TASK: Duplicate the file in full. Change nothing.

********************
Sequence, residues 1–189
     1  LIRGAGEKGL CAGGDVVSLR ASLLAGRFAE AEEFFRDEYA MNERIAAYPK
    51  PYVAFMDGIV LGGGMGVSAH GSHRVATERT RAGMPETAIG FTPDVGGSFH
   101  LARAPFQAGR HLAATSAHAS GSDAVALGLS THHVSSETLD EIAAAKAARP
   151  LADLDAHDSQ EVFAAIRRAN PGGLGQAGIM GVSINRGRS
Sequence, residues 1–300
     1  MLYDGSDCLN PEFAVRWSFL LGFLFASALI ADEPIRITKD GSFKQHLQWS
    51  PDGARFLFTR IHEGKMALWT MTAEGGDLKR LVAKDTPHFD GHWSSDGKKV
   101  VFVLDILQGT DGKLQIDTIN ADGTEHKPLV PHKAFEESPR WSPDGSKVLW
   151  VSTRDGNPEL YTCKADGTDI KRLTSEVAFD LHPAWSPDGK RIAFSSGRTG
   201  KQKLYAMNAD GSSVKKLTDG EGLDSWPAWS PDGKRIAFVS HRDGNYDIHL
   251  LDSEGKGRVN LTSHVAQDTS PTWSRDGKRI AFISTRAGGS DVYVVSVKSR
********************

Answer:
Sequence, residues 1–189
     1  LIRGAGEKGL CAGGDVVSLR ASLLAGRFAE AEEFFRDEYA MNERIAAYPK
    51  PYVAFMDGIV LGGGMGVSAH GSHRVATERT RAGMPETAIG FTPDVGGSFH
   101  LARAPFQAGR HLAATSAHAS GSDAVALGLS THHVSSETLD EIAAAKAARP
   151  LADLDAHDSQ EVFAAIRRAN PGGLGQAGIM GVSINRGRS
Sequence, residues 1–300
     1  MLYDGSDCLN PEFAVRWSFL LGFLFASALI ADEPIRITKD GSFKQHLQWS
    51  PDGARFLFTR IHEGKMALWT MTAEGGDLKR LVAKDTPHFD GHWSSDGKKV
   101  VFVLDILQGT DGKLQIDTIN ADGTEHKPLV PHKAFEESPR WSPDGSKVLW
   151  VSTRDGNPEL YTCKADGTDI KRLTSEVAFD LHPAWSPDGK RIAFSSGRTG
   201  KQKLYAMNAD GSSVKKLTDG EGLDSWPAWS PDGKRIAFVS HRDGNYDIHL
   251  LDSEGKGRVN LTSHVAQDTS PTWSRDGKRI AFISTRAGGS DVYVVSVKSR